Clinical trial with Schwann Cells in spinal cord injury


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The Miami Project to Cure Paralysis has received permission from the FDA to start a Phase 1 clinical trial to evaluate the safety of Schwann Cells transplantation to treat patients with spinal cord injury.

Unlike neurons in the central nervous system, peripheral nerves can regenerate after injury and reconnect to their target cells. Schwann cells, which normally wrap an insulating myelin sheath around the axons of healthy peripheral neurons, boost the survival and regrowth of the nerves after an injury. Therefore they are thought to be an ideal target for boosting regeneration after spinal cord injury.

Starting in 1989 with the work of Dr. Mary Bunge the multidisciplinary Miami Project team has been working for many years on the concept of a therapy for SCI with Schwann cells.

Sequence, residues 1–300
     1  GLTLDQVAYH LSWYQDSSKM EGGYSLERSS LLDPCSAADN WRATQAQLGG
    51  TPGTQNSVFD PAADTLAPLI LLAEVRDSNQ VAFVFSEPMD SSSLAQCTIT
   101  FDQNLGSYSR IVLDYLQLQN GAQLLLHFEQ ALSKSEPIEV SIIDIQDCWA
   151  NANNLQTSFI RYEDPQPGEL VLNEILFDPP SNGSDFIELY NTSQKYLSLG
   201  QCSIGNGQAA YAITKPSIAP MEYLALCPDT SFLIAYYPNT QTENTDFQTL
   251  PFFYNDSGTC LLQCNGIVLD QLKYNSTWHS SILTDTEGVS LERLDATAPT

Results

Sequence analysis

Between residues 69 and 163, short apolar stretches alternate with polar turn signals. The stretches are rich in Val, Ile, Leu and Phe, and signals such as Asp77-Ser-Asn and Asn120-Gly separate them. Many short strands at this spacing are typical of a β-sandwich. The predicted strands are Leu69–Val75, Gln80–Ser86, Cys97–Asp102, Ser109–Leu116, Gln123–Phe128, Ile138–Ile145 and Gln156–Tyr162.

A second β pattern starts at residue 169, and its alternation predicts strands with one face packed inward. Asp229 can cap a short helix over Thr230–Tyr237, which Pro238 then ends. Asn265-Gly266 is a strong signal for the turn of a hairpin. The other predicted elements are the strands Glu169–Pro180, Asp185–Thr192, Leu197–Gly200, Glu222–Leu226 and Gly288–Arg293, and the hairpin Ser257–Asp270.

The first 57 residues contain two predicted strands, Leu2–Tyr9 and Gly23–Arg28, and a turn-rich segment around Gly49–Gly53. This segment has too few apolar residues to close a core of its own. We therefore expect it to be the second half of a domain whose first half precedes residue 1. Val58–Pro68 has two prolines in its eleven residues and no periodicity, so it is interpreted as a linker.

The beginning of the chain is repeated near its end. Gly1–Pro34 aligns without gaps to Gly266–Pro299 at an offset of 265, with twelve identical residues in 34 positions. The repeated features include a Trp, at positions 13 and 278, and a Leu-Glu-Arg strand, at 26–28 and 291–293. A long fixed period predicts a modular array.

The clinical trial will enrol eight patients with complete thoracic SCI. Recruiting will be done within the first five days after the injury, and after signing an agreement patients will undergo a biopsy of a sensory peripheral nerve to obtain his/her own Schwann cells. These will be purified and cultured for three to five weeks in a GMP (good manufacturing practices) facility to generate the necessary number of cells for (autologous) transplantation.

The patients will then be in a so-called subacute phase, 26 to 40 day after the acute injury, when the cells will be transplanted into the spinal cord. The first year after transplantation the participating patients will be followed and monitored very closely, and on a less frequent interval for additional 4 years. All procedures will be conducted in Miami at University of Miami Hospital, Jackson Memorial Hospital and The Miami Project to Cure Paralysis.